So enough background already, who’s your daddy, Chardonnay??

Enter our friends from the University of California at Davis again (Dr. Carole Meredith and colleagues), who have used DNA fingerprinting to discover the origins for many grape varieties (which you may have remembered from previous “Who’s Your Daddy” posts!).  After extensive research into the DNA profiles of hundreds of grape varieties, it can be said with much confidence that the Chardonnay grape was the result of a cross between:




                 Gouais Blanc….



Pinot (either Noir or Blanc, but likely, Noir)

Well, there you have it!  Researchers are certain that one “parent” is in the Pinot family, with a strong possibility of it being Pinot Noir, yet research has not been able to confirm this with 100% accuracy yet.  The other “parent”, Gouais Blanc, is near extinct, though is planted in a few places, including Geisenheim, Germany.

If there is a grape variety that you’d like to know the origins of, please feel free to comment below!  I’d love to hear from you!
I am not a health professional, nor do I pretend to be. Please consult your doctor before altering your alcohol consumption habits. Do not consume alcohol if you are under the age of 21. Do not drink and drive. Enjoy responsibly!

4 comments for “Who’s Your Daddy?: Chardonnay

  1. July 2, 2011 at 7:06 pm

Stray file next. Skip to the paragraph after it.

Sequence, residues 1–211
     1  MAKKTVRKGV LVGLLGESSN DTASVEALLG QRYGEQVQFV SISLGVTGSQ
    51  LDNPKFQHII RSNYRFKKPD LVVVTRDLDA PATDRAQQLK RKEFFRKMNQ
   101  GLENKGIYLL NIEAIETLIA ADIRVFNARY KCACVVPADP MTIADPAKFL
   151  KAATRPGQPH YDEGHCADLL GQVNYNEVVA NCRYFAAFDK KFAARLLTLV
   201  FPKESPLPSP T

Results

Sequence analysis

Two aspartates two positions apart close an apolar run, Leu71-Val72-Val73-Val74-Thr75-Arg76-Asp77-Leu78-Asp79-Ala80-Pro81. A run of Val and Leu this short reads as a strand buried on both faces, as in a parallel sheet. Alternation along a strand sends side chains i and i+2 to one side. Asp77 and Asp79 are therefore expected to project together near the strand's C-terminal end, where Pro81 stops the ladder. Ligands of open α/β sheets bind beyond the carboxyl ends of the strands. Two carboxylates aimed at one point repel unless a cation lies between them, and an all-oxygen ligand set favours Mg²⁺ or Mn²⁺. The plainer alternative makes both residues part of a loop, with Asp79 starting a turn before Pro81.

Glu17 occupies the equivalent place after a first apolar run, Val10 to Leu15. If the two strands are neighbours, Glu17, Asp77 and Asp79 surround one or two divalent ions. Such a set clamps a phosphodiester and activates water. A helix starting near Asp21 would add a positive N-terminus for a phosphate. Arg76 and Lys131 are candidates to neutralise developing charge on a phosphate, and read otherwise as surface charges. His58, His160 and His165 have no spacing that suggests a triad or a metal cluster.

I know that Cabernet Sauvignon is a cross of Cabernet Franc and Sauvignon Blanc, but where does Cab Franc come from?

    Also, I'm really curious to try some Gouais Blanc now; I'd never heard of it before!

  2. July 2, 2011 at 11:44 pm

    Thanks for reading and commenting, Jason! You're spot on about Cab Sauv (I had it as my first "Who's Your Daddy" post, actually!). I'm thinking Cab Franc must be an early varietal of grape that wasn't necessarily a cross of any varietal that we know of today. It appeared in the early 18th century, and was planted first in the Libournais region of southwest France. I'd have to dig deeper to see if any further DNA research was done on it, though! Perhaps a future "Who's Your Daddy" post will feature Cab Franc!

    As far as Gouais Blanc goes, I'm not sure if anyone even makes it anymore. I saw some comments on a random article saying that they are known to pop up in Australia in places. The picture I posted in this post was from Germany, so there may be some found there as well. It was found often in the Middle Ages, but was banned since it was considered "rustic and inferior" and for peasants.

    I'm curious as to what it would be like also! I'm confident it's not distributed into the US, so it may be a long hunt for this one 🙂 Let me know if you find any!

  3. Robert
    September 10, 2012 at 12:10 am


  4. September 11, 2012 at 1:10 pm

    Glad you enjoyed it, Robert! 🙂

Comments are closed.